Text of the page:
Sony’s board is meeting today in advance of Thursday’s earnings call. Insiders expect a more formal rejection from the board soon, according to Nikkei. One knowledgeable individual says that there’s been no formal communication on the matter between the two companies.
The corporation later revealed a return to profits in the first quarter of its 2013-14 financial year.
In May, Third Point’s Daniel Loeb delivered a letter to Sony Corp.’s board strongly urging the company to spin off a large chunk of its U.S.-based entertainment assets into a separate and publicly traded entity. Loeb argued that U.S.-based investors would treat the proposed media and entertainment stock more favorably than Sony Corp.’s Japanese investors, and that proceeds from an IPO could help revive the parent company’s lagging electronics business.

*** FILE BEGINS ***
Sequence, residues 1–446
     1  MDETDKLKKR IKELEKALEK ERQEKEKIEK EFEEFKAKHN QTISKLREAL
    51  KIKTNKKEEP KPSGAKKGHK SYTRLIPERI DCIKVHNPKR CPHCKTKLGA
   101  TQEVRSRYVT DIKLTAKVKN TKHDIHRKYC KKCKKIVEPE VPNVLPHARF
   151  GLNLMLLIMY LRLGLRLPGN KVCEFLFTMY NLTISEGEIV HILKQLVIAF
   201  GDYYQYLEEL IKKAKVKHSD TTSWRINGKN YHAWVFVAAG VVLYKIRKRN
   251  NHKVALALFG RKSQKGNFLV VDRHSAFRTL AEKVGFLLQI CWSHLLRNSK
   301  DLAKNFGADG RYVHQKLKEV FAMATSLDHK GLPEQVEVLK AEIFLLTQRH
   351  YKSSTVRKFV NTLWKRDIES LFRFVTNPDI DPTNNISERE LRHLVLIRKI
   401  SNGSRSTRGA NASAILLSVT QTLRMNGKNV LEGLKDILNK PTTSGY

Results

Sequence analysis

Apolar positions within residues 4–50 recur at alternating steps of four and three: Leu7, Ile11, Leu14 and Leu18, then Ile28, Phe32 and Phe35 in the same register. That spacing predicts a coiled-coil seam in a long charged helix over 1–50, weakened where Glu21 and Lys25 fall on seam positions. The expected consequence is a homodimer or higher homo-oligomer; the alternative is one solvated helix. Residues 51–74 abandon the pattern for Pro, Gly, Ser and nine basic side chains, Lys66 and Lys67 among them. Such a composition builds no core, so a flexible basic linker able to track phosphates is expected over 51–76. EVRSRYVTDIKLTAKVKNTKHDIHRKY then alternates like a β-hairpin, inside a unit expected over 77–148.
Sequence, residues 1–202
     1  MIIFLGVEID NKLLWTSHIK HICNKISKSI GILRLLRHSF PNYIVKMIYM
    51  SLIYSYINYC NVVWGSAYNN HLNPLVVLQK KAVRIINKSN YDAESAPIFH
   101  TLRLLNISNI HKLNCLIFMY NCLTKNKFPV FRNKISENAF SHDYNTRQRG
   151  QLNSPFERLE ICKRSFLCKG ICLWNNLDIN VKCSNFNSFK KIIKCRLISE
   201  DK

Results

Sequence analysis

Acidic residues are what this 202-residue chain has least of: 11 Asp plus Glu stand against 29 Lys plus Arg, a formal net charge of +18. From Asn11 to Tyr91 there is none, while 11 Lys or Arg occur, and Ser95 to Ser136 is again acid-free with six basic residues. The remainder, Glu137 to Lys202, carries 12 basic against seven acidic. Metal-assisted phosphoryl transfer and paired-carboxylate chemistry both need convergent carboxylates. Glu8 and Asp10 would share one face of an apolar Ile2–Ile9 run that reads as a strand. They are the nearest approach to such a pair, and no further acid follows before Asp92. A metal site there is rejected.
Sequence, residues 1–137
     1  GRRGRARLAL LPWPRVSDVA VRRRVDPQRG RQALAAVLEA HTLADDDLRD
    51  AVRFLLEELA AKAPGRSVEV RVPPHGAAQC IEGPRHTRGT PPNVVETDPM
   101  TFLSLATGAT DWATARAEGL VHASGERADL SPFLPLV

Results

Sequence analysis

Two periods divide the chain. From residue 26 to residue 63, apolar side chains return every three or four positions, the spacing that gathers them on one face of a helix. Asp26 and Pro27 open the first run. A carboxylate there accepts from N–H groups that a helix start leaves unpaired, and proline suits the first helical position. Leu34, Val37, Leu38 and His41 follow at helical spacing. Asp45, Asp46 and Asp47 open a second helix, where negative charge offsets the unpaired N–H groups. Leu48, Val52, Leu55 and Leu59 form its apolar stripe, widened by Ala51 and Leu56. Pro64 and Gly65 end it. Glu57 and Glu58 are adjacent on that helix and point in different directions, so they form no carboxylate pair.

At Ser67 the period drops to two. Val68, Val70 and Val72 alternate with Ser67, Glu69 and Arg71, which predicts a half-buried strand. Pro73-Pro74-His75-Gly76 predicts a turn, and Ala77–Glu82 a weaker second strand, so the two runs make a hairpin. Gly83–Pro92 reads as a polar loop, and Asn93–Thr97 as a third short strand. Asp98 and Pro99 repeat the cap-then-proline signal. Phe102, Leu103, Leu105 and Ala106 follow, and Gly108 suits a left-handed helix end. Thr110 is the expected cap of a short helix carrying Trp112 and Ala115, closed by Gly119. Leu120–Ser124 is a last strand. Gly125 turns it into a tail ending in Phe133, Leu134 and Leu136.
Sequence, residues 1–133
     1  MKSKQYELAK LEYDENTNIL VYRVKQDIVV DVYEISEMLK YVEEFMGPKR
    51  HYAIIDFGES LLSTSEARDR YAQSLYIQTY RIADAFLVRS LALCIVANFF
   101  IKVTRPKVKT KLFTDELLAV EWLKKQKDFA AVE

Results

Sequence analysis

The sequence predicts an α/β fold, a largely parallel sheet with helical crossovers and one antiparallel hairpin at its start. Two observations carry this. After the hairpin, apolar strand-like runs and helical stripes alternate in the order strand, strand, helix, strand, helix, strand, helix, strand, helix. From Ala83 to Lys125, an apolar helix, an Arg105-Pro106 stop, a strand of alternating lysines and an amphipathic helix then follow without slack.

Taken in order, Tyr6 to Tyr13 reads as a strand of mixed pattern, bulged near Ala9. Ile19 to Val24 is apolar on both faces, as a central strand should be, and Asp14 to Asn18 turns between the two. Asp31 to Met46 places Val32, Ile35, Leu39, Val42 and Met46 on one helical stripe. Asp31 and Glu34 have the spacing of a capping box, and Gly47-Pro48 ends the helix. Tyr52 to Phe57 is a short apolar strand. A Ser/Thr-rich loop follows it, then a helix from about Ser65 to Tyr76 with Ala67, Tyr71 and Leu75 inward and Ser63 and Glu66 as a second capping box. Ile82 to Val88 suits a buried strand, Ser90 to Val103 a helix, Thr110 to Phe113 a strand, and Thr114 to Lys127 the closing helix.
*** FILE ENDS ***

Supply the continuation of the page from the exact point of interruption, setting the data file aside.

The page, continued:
As of last month, Third Point owned roughly 70 million shares in the company, or about 6.9%.
Sony’s stock price started falling at about 10 a.m. PT on Wednesday, and was trading at $21.08 per share on the New York Stock Exchange about an hour and a half later. That is off about 2.6% from Tuesday’s close.
Nikkei’s report comes three days after Loeb publicly slammed Sony’s recent film performance, calling it “perplexing” that Sony CEO Kazuo Hirai “does not worry about a division that has just released 2013″s versions of ‘Waterworld’ and ‘Ishtar’ back-to-back, instead giving free passes” to studio toppers Michael Lynton and Amy Pascal, the “executives responsible for these debacles.”
Referring to flops “After Earth” and “White House Down,” Loeb was responding to Hirai’s comments during this month’s Allen & Co. conference in which Hirai expressed confidence in the entertainment division. Sony bowed “Smurfs 2” on Wednesday. Observers expect the live-action toon to gross in the mid-$30 millions for five days, with at least $100 million anticipated worldwide.
Third Point is a minority stakeholder in Variety Media, along with majority owner Penske Media Corporation.